H F A F
A Women's Masonic Fraternity
27th November 1913
A Message from the Most Worshipful the Past Grand Master Eileen Gray CBE
(written in 2001)
"Having been a Lady Freemason for more than 50 years, l am delighted that younger generations are using the most modern technology to disseminate knowledge about our our Order, the Honourable Fraternity of Ancient Freemasons.
No longer can Masonry be referred to as a secret society - it never was. But it has served the press to believe so and to propagate that image from time to time.
Our Fraternity is open to women of any age, race or creed. The first question asked of any applicant is "Do you believe in God?" The answer must be in the affirmative, but how one worships is a matter for the individual. Freemasonry is not a religion though its teachings have a moral tendency.
It is difficult to describe the immense satisfaction one gets from being a member, suffice it to say that it is an organisation of exceptional amity and support, both between members and to the outside charities who benefit from its generosity.
We have Lodge Meetings where behaviour is of necessity formalised, but Festive Boards and Socials (which are often held to support charitable causes), make for a programme as varied and as interesting as you wish to make it. Commitment both in attendance or participation is entirely up to the individual.
The reason why Women Freemasons have decided to "go public" is twofold:
The Commons Select Committee told representatives of Menís Masonry, who were the subject of investigation by the Committee at the time, that having established their status and their charitable accomplishments, they should be more open with the public and dispel the "secrecy" image. Because many of our members are married to Masons, we have generally adopted the UGLE lead on such matters, although it must be emphasised, the United Grand Lodge of England has no jurisdiction over us.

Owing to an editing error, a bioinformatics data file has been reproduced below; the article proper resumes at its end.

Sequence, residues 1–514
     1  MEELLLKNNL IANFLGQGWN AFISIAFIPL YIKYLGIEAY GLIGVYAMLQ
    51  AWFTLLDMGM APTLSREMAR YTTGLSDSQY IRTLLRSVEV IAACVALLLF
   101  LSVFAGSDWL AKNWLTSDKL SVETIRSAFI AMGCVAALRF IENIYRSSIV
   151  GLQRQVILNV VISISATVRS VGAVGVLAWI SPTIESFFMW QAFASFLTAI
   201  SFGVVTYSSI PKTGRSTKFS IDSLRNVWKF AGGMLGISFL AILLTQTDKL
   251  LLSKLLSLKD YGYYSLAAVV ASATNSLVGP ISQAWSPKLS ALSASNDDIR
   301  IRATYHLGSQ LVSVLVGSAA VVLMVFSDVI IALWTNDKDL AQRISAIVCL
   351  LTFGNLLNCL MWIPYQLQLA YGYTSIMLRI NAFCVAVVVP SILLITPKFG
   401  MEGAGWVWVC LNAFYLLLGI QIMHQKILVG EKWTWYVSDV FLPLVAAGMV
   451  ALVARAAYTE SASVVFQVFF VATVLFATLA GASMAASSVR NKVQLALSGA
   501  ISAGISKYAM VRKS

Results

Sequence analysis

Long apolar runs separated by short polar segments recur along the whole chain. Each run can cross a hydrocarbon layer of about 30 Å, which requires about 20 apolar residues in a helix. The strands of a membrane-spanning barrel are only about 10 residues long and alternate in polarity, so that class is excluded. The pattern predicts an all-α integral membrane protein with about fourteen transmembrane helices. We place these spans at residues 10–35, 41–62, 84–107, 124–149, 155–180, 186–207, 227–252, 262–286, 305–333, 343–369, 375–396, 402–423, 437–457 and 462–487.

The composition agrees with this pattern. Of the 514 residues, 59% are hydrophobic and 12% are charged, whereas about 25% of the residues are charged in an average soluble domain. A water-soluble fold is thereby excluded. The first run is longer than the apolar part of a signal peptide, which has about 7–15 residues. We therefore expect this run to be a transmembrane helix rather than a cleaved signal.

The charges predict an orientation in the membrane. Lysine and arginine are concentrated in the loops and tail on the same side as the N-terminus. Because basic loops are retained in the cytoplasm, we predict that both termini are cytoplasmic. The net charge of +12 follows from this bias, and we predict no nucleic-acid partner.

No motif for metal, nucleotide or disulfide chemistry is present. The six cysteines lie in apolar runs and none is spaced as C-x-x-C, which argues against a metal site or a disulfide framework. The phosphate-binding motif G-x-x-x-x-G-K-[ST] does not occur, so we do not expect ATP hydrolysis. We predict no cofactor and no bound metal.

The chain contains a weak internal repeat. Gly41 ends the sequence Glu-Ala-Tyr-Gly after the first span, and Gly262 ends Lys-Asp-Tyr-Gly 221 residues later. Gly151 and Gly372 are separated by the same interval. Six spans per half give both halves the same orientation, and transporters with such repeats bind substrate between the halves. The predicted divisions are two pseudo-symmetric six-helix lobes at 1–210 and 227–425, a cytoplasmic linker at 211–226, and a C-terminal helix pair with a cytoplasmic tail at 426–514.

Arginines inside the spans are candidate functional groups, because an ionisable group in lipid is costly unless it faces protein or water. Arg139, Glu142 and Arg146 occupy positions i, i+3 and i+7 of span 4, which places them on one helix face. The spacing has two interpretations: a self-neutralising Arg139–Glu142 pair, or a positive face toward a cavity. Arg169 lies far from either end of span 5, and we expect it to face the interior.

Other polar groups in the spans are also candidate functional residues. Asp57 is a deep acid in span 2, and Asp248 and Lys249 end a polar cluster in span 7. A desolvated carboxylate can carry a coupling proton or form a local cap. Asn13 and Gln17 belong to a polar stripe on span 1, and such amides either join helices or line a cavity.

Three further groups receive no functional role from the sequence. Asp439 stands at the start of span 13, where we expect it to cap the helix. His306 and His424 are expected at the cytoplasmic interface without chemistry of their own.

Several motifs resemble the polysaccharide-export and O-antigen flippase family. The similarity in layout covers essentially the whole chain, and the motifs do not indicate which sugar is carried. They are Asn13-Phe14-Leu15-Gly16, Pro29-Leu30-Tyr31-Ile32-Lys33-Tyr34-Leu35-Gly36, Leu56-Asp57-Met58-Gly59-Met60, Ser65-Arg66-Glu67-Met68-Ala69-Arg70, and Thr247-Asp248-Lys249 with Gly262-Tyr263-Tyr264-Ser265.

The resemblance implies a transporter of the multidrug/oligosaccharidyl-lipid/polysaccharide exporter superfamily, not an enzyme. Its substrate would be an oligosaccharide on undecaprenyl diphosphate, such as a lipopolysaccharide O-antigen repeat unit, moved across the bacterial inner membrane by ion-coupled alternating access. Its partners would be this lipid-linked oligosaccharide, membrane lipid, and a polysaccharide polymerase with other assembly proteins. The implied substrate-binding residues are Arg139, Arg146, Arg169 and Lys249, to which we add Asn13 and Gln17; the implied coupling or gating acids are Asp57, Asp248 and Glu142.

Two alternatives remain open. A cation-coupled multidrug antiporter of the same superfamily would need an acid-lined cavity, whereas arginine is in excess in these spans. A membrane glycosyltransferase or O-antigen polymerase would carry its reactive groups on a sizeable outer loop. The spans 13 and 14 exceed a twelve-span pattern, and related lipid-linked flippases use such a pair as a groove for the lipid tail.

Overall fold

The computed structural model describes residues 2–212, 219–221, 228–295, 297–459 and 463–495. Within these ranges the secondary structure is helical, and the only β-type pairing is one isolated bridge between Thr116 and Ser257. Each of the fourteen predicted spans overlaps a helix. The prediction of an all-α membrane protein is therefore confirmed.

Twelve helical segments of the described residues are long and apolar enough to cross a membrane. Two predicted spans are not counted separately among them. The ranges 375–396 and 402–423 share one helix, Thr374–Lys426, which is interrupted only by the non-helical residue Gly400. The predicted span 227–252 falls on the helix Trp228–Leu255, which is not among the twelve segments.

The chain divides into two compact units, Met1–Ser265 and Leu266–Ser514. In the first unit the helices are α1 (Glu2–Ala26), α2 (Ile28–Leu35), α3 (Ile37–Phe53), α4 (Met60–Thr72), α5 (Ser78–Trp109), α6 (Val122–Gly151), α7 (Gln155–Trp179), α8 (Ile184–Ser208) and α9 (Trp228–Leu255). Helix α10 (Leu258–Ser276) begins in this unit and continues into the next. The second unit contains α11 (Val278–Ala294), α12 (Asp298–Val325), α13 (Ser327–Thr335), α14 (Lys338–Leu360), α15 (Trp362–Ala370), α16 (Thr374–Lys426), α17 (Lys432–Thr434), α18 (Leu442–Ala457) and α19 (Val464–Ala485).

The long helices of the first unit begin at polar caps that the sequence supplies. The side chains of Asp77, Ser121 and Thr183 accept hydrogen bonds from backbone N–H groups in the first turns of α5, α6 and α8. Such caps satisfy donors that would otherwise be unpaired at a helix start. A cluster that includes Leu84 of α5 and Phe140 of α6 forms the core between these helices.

Secondly, despite nearly one hundred years of womenís participation, we thought it high time to dispel the notion that Freemasonry exists only for men. Even among women married to Masons we have perceived a lack of awareness of our Order.
All those who are already Masons, need no telling how much Freemasonry means to them and how it has enriched their lives. But to those who are not yet members, but who find themselves attracted by its Precepts, I say to you "Go ahead, and make the first move, you will not be disappointed."
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